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What to expect: Parole board votes on 'White Boy' Rick Wershe's release

Parole board to vote on Wershe's release as he approaches 30 years behind bars

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DETROIT – "White Boy" Rick Wershe has spent nearly 30 years behind bars since he was convicted of possessing more than 650 grams of cocaine in 1988, but Friday offers his best chance at parole.

Wershe has been denied opportunities at parole during his prison stay, but last month he finally met with parole board members for a hearing about his possible release.

Wershe's attorney, Ralph Musilli, was with him as he testified in front of two members of the parole board and Assistant Attorney General Scott Rothenal, who are the officials hearing Wershe's case.

Transcripts of the hearing were collected and sent to the parole board for review. A decision on Wershe's possible release is expected to be announced on Friday.

The board members could decide to approve or deny Wershe's parole or ask for more time and push the decision back to their August meeting.

If Wershe's parole is approved, the earliest he can be freed is in August, because it takes 29 additional days for him to be released from prison.

If parole is denied, he will remain in behind bars.

Wershe is already the longest-serving nonviolent juvenile offender in Michigan history.

Parole board hearing

During the hearing, Wershe opened up like never before, admitting to pretty much everything police accused him of doing. But at the same time, he said he has been fully rehabilitated during his long prison stay.

"I would say I'm cautiously optimistic," Wershe said. "I want to be overjoyed and overly optimistic about it, but at the same time, I want to be a little reserved and not get too excited about something that hasn't come to fruition yet."

Musilli said it's time for his client to be freed.

"Richard Wershe Jr. was never a major drug dealer," Musilli said. "Enough is enough. He's spent enough time for what he did. The proportionality is starting to overwhelm."

It's been a waiting game almost 30 years in the making. Wershe said he survives the time now just like he has from the beginning: with the encouragement of friends and family members.

"Without the family and the outside support I have, I don't know if I would be the person I am today," Wershe said. "I mean, they keep me up. They keep me going. They keep hope alive. They give me faith that things are going to turn out alright, and I just have to take it day by day."

He's received support from thousands of strangers who believe his ongoing incarceration is cruel and unjust.

"I mean, the people, I can't even thank everyone enough for all the letters of support I've received," Wershe said. "I try to answer them all back, but I can't, to be honest with you. But I appreciate every single one of them."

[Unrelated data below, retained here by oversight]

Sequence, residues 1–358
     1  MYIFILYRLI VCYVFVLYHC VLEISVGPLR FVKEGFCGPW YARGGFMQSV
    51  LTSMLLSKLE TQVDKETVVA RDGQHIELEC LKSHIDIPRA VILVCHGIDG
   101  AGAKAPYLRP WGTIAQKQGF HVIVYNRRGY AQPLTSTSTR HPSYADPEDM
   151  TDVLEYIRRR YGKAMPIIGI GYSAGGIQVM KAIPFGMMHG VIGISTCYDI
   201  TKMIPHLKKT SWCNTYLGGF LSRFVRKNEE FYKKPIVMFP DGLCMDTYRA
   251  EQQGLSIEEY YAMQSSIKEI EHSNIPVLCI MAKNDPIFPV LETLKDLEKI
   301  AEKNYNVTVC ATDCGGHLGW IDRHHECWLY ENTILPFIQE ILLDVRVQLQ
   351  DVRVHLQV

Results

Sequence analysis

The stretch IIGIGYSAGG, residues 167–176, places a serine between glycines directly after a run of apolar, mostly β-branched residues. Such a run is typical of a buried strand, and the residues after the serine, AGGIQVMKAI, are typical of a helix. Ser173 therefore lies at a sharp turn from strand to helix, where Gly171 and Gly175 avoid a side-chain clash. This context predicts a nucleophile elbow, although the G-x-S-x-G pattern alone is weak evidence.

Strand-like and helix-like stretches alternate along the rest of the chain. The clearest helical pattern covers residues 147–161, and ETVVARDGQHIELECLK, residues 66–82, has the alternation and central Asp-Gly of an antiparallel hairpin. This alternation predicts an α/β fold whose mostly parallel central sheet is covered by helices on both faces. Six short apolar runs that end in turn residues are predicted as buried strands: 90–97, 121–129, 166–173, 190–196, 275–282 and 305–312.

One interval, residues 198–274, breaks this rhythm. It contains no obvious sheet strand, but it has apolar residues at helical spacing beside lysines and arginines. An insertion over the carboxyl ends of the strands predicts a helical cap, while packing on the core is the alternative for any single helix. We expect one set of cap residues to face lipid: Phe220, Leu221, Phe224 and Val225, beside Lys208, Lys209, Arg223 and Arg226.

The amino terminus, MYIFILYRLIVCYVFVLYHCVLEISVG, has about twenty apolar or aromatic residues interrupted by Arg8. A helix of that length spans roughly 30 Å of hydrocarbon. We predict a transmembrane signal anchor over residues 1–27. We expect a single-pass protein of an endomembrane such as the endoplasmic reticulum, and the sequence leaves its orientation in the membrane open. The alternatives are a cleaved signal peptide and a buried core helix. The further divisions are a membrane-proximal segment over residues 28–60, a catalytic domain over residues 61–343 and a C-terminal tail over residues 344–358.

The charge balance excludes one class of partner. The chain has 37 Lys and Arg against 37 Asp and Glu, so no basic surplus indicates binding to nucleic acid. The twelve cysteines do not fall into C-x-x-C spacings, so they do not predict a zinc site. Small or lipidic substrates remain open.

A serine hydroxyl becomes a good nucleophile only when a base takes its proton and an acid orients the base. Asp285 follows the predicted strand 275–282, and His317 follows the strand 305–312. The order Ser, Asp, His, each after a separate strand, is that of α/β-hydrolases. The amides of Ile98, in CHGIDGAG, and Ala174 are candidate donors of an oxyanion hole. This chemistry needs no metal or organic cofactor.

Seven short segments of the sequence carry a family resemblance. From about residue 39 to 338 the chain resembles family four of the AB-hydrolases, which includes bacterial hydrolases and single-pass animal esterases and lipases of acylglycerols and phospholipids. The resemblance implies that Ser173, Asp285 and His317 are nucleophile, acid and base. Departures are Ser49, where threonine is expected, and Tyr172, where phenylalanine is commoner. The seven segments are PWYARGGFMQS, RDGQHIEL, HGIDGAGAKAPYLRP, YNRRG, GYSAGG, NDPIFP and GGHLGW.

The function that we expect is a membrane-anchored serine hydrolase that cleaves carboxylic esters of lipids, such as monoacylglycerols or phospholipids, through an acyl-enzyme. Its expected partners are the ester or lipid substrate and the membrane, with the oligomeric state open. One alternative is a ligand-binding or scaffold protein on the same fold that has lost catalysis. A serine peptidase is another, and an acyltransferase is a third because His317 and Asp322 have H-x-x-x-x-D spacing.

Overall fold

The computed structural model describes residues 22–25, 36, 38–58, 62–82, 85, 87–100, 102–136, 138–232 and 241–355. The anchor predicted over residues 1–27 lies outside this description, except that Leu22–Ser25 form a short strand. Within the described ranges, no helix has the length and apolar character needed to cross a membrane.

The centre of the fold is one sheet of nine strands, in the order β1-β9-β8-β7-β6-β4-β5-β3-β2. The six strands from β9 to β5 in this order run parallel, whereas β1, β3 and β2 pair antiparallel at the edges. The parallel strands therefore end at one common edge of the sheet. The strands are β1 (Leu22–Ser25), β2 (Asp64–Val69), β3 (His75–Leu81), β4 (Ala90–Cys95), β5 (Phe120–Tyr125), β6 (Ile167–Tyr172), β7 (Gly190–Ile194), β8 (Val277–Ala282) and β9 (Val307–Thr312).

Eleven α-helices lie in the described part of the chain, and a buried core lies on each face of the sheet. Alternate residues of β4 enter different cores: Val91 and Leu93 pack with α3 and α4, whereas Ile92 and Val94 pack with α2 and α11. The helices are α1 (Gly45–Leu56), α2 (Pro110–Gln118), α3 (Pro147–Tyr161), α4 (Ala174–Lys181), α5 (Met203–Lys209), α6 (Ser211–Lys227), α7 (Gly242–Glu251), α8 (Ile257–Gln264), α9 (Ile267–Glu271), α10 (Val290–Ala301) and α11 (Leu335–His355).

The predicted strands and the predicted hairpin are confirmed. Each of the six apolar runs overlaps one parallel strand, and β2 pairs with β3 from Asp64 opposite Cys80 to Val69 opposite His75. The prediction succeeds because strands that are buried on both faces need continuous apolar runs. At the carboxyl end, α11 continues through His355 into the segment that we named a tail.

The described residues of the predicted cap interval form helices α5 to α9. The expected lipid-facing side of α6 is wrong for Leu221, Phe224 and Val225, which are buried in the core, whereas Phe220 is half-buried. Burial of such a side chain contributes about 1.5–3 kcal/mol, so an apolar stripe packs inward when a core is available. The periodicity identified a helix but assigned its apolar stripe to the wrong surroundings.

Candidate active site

Potential prison time in Florida

As it stands, if Wershe is released in Michigan, he would go directly to a prison in Florida to serve another 22 months for a crime he committed behind bars.

His attorney is trying to have the crime forgiven, since Wershe has spent more than 29 years in prison for drugs and car theft. Attorney Ralph Musilli said Wershe should have been out several years ago, but unless he can convince Florida lawmakers to give his client a break, a Florida prison will be Wershe's next stop.

Wershe has been described as a model prisoner during his time behind bars, with one major exception. He pleaded guilty 11 years ago to racketeering and conspiracy to move stolen cars in Florida.

"I introduced somebody," Wershe said. "My sister was given $6,000, and that is the extent of it."

During a previous interview, Wershe said it was an easy decision because his plea spared his mother and sister, who bought cars.

"I was told, 'You take a plea bargain, or I'm going to arrest your mom and your sister,'" Wershe said. "So what did I do? I took a plea bargain against my attorney's wishes."

Wershe was sentenced to five years to be served after his release in Michigan. He still owes 22 months to the state of Florida after credit for his time served, but Musilli is going to ask Florida officials to change the sentence to concurrent instead of consecutive, which would mean his time in Michigan prison would count for the time owed in Florida.

"The prosecutors down there don't seem to have a big problem with it, so we again are cautiously optimistic," Musilli said.

It's a deal Martin County, Florida, State Attorney Bruce Colton and State Attorney General Pam Bondi would have to sign off on, because they won't be formally asked in court motions until after the Michigan parole board's decision. They have not commented publicly about the case.

"I don't want to be in prison any longer," Wershe said. "I've been in here more than enough time, but if Florida wants me, I've got to man up, and I'll go."

The Local 4 Defenders have full coverage of the developments. Stay with ClickOnDetroit.com for updates.